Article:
Pinched Nerve In The Neck Signs and Symptoms
A pinched nerve in the neck can present with the following signs and symptoms. However, location and radiation of symptoms entirely depend upon the nerve root affected.
- Pain and weakness in a specific part of the neck or arm. This is usually assessed by a visual analogue scale. Neck pain is usually bilateral. Whereas pain radiating to the arm is usually unilateral.
- Pain is described as sharp or burning in character and is generally worse from the extension of the neck or rotation.
- Pressure or traction on the nerve root may relieve pain temporarily.
- Tingling and numbness along with pain are in affected part is almost always present.
Can A Pinched Nerve in the Neck Cause Dizziness?
Another prominent presentation apart from neck pain and tingling numbness is dizziness. Plenty of documented researches prove that a pinched nerve in the neck can cause dizziness.
Dizziness or vertigo is the words used by patients to explain the subjective sensation of their surroundings moving or spinning. Cervical vertigo is a term commonly used for dizziness arising due to structural or functional illnesses or abnormalities of the neck. A pinched nerve in the neck can cause dizziness due to certain movements or postures of the neck.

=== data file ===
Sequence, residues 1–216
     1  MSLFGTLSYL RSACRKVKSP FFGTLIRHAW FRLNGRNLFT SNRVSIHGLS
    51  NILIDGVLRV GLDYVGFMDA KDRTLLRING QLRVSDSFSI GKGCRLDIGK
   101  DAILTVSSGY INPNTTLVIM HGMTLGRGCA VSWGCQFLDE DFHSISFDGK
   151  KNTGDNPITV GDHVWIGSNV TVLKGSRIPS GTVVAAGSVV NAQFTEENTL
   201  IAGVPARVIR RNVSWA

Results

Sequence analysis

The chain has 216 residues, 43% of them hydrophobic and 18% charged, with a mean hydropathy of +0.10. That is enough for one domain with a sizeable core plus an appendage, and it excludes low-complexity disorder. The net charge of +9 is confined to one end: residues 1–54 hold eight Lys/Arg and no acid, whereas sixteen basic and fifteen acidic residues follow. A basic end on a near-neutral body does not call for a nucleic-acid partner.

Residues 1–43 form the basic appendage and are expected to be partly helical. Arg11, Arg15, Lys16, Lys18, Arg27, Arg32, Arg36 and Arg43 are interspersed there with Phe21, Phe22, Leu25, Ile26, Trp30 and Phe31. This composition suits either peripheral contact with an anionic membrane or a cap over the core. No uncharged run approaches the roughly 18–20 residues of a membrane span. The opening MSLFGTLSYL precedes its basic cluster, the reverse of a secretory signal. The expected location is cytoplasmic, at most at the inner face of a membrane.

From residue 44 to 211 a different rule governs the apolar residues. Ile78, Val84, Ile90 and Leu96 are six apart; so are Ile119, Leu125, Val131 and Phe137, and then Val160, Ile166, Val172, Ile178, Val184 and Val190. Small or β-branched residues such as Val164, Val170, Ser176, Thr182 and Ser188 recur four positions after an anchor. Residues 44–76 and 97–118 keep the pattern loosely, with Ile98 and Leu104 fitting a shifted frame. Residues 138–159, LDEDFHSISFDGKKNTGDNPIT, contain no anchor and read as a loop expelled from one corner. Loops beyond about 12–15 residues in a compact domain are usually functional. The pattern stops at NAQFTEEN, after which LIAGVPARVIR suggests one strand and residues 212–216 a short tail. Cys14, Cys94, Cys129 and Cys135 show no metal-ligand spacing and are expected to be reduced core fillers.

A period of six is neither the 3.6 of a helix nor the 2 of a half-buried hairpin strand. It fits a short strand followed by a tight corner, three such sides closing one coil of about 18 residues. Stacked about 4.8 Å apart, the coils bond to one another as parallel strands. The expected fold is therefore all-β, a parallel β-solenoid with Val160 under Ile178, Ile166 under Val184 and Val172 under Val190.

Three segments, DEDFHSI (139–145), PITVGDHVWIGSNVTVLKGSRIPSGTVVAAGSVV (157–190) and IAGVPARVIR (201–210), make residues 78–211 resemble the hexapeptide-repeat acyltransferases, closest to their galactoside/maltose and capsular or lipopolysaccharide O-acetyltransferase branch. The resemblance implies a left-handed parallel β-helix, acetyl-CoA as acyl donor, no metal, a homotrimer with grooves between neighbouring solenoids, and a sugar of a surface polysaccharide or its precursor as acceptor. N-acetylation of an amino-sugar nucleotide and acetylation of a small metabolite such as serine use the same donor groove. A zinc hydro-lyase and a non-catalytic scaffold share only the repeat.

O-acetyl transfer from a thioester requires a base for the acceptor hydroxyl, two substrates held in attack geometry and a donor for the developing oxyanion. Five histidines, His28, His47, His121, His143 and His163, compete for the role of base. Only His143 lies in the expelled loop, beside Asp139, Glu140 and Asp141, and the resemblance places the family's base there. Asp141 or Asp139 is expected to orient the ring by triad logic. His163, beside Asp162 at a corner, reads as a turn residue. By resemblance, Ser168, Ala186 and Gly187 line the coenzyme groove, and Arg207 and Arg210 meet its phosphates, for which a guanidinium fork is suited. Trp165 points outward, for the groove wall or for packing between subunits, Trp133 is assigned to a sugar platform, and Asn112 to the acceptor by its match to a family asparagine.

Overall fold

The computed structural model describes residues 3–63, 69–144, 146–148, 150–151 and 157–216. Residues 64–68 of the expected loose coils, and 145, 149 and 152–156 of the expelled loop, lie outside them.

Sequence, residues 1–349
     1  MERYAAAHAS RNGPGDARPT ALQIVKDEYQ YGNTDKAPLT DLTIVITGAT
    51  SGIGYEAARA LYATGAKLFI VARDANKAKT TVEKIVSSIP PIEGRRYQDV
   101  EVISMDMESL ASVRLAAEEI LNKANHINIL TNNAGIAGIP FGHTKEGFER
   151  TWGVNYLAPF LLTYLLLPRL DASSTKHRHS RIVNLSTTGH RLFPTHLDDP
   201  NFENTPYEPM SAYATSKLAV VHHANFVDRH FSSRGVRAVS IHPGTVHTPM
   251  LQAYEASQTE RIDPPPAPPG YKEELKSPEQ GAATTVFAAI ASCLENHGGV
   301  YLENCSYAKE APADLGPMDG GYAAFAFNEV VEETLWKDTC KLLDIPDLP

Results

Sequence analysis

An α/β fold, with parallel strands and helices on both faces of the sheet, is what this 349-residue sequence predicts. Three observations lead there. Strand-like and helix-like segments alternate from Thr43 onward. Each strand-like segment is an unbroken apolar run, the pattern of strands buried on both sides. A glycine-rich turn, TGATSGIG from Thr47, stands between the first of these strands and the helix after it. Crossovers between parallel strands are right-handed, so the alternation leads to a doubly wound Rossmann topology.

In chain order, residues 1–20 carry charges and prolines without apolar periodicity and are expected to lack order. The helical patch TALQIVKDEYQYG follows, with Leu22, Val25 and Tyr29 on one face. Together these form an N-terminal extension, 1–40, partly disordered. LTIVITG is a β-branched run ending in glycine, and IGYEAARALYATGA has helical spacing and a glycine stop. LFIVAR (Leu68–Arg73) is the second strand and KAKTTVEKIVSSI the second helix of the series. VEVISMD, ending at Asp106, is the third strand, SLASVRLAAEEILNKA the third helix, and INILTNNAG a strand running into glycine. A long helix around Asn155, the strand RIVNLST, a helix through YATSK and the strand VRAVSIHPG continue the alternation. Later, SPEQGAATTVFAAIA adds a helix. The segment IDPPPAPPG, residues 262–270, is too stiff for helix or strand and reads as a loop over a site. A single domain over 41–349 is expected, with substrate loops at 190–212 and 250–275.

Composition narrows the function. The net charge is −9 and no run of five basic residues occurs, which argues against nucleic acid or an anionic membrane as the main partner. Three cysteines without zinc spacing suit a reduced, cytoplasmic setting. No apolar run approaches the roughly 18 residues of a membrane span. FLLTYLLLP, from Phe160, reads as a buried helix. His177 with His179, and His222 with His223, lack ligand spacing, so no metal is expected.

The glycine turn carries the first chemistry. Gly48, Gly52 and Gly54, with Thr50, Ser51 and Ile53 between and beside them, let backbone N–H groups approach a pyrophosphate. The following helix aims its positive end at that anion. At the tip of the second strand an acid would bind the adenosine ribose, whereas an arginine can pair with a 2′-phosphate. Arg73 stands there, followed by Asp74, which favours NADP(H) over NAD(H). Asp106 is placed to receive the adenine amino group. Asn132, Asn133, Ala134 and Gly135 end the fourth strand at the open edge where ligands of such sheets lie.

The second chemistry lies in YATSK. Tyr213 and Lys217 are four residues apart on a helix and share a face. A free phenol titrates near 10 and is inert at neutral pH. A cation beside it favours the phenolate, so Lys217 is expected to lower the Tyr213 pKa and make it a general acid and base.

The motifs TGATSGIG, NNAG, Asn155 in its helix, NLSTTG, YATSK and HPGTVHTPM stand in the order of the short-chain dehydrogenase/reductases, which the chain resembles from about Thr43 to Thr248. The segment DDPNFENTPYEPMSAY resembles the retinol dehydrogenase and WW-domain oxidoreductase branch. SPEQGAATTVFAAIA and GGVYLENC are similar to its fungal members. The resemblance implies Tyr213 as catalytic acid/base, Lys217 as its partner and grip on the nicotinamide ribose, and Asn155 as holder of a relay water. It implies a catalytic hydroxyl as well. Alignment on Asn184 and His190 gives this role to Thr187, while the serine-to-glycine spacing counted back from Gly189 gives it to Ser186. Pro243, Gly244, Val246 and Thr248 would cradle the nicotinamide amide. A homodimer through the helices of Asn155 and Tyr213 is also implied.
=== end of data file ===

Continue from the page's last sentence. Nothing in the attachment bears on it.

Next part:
5 Proposed Theories for Dizziness Arising Out of Pinched Nerve in the Neck
- Compromised Vascular Supply – Due to compression, spasm or dissection (tear in the wall of the artery which causes blood to enter in between layers of the artery) of vertebral arteries blood supply is reduced due to a specific neck posture or neck movements.
- Sensory Input – To the brain from the neck may be irregular, too much or even absent. The position of head and neck is determined by sensory input to the brain along with inputs from the ears and eyes. These inputs maintain the balance of the whole body.
- Compression of Cervical Cord – This is the most common documented cause for dizziness due to a pinched nerve in the neck.